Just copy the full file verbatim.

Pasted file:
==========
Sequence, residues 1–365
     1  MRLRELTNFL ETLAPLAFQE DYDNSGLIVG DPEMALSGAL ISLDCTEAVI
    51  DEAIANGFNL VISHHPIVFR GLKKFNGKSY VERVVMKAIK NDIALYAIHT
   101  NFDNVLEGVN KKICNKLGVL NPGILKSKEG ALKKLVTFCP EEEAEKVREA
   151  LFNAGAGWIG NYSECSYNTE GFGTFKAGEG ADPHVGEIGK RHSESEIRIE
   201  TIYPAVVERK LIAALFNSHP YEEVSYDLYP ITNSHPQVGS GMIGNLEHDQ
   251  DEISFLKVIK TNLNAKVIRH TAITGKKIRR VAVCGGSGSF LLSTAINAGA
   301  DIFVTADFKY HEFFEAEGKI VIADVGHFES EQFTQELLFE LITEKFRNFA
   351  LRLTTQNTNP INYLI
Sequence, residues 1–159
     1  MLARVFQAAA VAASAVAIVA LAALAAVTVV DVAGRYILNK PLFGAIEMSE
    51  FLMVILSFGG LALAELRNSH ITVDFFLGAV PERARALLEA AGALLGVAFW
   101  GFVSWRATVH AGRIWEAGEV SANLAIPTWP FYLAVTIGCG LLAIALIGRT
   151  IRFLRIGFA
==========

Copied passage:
Sequence, residues 1–365
     1  MRLRELTNFL ETLAPLAFQE DYDNSGLIVG DPEMALSGAL ISLDCTEAVI
    51  DEAIANGFNL VISHHPIVFR GLKKFNGKSY VERVVMKAIK NDIALYAIHT
   101  NFDNVLEGVN KKICNKLGVL NPGILKSKEG ALKKLVTFCP EEEAEKVREA
   151  LFNAGAGWIG NYSECSYNTE GFGTFKAGEG ADPHVGEIGK RHSESEIRIE
   201  TIYPAVVERK LIAALFNSHP YEEVSYDLYP ITNSHPQVGS GMIGNLEHDQ
   251  DEISFLKVIK TNLNAKVIRH TAITGKKIRR VAVCGGSGSF LLSTAINAGA
   301  DIFVTADFKY HEFFEAEGKI VIADVGHFES EQFTQELLFE LITEKFRNFA
   351  LRLTTQNTNP INYLI
Sequence, residues 1–159
     1  MLARVFQAAA VAASAVAIVA LAALAAVTVV DVAGRYILNK PLFGAIEMSE
    51  FLMVILSFGG LALAELRNSH ITVDFFLGAV PERARALLEA AGALLGVAFW
   101  GFVSWRATVH AGRIWEAGEV SANLAIPTWP FYLAVTIGCG LLAIALIGRT
   151  IRFLRIGFA